China angry as Nobel Peace Prize goes to jailed dissident


BEIJING, China —  The first time her husband went to prison for criticizing the Chinese government, Liu Xia shaved her head. More than 14 years later, her hair is still shorn but her husband, Liu Xiaobo, is no longer just another struggling Chinese dissident.

Liu Xiaobo won the Nobel Peace Prize today, making him the first Chinese winner, and only the second recipient to get the award while in prison. German pacifist Carl von Ossietzky won the prize while in jail in 1935. Burmese opposition leader Aung San Suu Kyi received the award in 1991 while under house arrest, but not in prison.

Liu, a longtime democracy advocate, was sentenced last year to 11 years in prison for subversion for his role in drafting and distributing online Charter 08, a widely circulated petition calling for human rights and democratic reform in China’s political system.

“I am very thankful to see so many people supporting him,” Liu’s wife said in a telephone interview Friday, as her house became surrounded by supporters and police. “I want to say thanks.”

Liu’s Nobel win is both expected and surprising. He was the odds-on favorite, but prominent Chinese dissidents before him failed to win the Nobel committee’s nod. Liu, 54, was buoyed by a highly publicized nomination from Václav Havel, Desmond Tutu and the Dalai Lama.

“We ask the Nobel Committee to honor Liu Xiaobo’s more than two decades of unflinching and peaceful advocacy for reform, and to make him the first Chinese recipient of that prestigious award,” Havel wrote in a piece to the International Herald Tribune last month. “In doing so, the Nobel Committee would signal both to Liu and to the Chinese government that many inside China and around the world stand in solidarity with him, and his unwavering vision of freedom and human rights for the 1. 3 billion people of China.”

U.S. President Barack Obama took the lead of the growing international campaign calling for China to release Liu from jail. Obama said Liu "has sacrificed his freedom for his beliefs" and is "an eloquent and courageous spokesman for the advance of universal values through peaceful and nonviolent means," according to AP.

"We call on the Chinese government to release Mr. Liu as soon as possible," said Obama.

German Chancellor Angela Merkel praised the award, calling Liu "a brave man."

Liu did not immediately learn that he had won, Nobel organizers said, and China’s initial reaction was stern. In a terse statement, the Ministry of Foreign Affairs said the Nobel committee had violated its own principles by giving the award to a criminal.

The committee sees Liu very differently, extolling his advocacy of free speech and human rights, and saying human rights are essential to peaceful societies.

"For over two decades, Liu Xiaobo has been a strong spokesman for the application of fundamental human rights also in China," said the committee. "The campaign to establish universal human rights also in China is being waged by many Chinese, both in China itself and abroad. Through the severe punishment meted out to him, Liu has become the foremost symbol of this wide-ranging struggle for human rights in China."

The big question now, of course, is what lies ahead. China watchers and Liu’s allies are bracing to see what happens both to the Nobel Laureate and to others in the Chinese political reform arena — a segment increasingly overshadowed by economic development and trade in China’s relationships with the United States and other countries.

China already threatened that giving Liu the prize would harm its relations with Norway, and it is unclear what its abrasive reaction means on a wider scale. But Liu’s friends and colleagues are  thrilled with the news, saying it gives credibility to a movement too often ignored.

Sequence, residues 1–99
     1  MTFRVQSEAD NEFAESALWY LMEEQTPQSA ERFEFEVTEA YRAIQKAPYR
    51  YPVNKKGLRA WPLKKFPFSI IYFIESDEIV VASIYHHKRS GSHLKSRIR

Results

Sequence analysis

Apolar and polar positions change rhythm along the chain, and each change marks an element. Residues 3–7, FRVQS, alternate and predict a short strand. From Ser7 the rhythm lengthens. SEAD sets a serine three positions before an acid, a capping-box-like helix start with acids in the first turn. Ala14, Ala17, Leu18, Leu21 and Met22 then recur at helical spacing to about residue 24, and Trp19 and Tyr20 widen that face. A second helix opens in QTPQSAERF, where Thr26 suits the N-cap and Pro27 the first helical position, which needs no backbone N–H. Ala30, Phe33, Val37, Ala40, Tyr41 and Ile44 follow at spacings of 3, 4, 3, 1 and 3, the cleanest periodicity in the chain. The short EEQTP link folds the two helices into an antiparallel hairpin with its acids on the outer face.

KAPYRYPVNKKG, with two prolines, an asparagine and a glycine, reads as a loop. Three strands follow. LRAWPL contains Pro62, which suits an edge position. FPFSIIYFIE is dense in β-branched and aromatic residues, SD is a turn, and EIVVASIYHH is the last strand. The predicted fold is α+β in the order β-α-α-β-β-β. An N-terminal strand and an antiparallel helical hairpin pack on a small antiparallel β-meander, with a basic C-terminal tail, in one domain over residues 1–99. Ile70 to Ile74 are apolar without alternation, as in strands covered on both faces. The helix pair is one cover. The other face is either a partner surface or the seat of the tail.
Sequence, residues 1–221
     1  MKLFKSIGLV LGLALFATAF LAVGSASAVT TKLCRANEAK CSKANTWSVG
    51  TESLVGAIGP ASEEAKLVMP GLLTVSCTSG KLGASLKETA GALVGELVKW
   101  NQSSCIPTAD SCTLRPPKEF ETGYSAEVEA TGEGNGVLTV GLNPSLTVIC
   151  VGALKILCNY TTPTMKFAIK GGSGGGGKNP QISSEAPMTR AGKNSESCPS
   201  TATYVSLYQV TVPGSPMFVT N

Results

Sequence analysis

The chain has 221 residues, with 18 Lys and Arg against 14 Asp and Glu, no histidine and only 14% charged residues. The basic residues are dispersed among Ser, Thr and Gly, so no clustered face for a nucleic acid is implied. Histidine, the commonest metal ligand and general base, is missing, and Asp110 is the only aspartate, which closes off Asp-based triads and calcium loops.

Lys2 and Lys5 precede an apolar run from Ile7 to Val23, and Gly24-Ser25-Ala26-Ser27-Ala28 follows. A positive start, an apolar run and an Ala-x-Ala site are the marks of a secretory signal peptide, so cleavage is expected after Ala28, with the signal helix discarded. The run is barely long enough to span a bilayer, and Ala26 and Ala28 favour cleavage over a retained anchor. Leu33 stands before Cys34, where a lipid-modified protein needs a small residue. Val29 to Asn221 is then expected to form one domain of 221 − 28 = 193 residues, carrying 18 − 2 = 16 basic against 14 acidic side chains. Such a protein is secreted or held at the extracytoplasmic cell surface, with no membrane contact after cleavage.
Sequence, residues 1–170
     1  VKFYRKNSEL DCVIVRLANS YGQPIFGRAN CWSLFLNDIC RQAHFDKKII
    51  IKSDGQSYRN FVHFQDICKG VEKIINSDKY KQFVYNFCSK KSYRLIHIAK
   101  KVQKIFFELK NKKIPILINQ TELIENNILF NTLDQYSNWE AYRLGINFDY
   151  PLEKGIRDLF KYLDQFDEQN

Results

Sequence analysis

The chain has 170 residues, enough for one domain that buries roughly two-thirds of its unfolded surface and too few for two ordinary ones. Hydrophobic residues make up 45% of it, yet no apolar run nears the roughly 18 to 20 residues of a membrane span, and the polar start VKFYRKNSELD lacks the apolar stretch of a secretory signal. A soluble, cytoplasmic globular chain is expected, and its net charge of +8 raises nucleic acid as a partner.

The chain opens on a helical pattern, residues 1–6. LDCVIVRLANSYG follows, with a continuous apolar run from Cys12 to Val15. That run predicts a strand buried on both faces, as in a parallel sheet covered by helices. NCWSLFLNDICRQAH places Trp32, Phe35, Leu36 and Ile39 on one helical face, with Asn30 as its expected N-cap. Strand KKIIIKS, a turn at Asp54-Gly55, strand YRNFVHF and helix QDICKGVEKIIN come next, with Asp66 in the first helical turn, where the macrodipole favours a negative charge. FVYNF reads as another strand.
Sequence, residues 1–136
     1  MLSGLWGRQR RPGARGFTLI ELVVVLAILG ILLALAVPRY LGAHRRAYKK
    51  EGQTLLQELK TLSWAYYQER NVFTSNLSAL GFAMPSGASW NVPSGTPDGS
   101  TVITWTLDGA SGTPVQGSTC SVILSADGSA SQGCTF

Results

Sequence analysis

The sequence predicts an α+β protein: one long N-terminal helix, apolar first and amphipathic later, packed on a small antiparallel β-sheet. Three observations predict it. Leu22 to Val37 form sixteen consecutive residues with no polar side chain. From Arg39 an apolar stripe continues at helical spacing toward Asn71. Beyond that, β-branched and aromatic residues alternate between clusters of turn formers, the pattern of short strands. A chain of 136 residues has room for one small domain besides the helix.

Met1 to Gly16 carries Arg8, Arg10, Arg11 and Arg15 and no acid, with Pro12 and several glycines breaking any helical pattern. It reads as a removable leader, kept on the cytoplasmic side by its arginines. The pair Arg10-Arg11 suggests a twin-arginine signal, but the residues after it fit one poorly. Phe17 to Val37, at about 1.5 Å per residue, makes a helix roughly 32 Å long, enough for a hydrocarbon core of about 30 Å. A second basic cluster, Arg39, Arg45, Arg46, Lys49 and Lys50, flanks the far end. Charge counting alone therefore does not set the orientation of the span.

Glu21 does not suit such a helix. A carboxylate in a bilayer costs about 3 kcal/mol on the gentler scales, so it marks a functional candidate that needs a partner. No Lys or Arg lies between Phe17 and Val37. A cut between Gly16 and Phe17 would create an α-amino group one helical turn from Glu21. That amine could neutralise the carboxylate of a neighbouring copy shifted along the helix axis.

“It gives people hope,” said blogger and activist Michael Anti, a friend of Liu’s. “The world is still watching China.”

Mo Shaoping, a signatory to Charter 08, said that first he was proud the Nobel Prize was given to a Chinese person, educated only in China. Moreover, Mo said, the prize recognizes Liu’s long-held belief that political reform in China can be accomplished through peaceful, gradual reforms rather than violence.

“This is an encouragement to people who shared Liu Xiaobo`s point of view,” said Mo.

A translation of Charter 08, available online,  has gathered thousands of signatures around the world.

The Dalai Lama welcomed Liu's award as "the international community’s recognition of the increasing voices among the Chinese people in pushing China towards political, legal and constitutional reforms."

The Buddhist leader said: "I believe in the years ahead, future generations of Chinese will be able to enjoy the fruits of the efforts that the current Chinese citizens are making towards responsible governance."

The Dalai Lama said he is encouraged by a recent statement in which Chinese Premier Wen Jiabao said that freedom of speech is indispensable for any country and the people’s wish for democracy and freedom is irresistible. The Dalai Lama said reforms "can only lead to a harmonious, stable and prosperous China, which can contribute greatly to a more peaceful world." He called on the Chinese government to release Liu.

The news of the Nobel has sparked renewed interest in Liu's statement issued before his Christmas Day sentencing last year: "I have no enemies, and no hatred. None of the police who monitored, arrested and interrogated me, the prosecutors who prosecuted me, or the judges who sentence me, are my enemies," stated Liu.

"For hatred is corrosive of a person’s wisdom and conscience; the mentality of enmity can poison a nation's spirit, instigate brutal life and death struggles, destroy a society’s tolerance and humanity, and block a nation’s progress to freedom and democracy." Liu said he hoped to "defuse hate with love."

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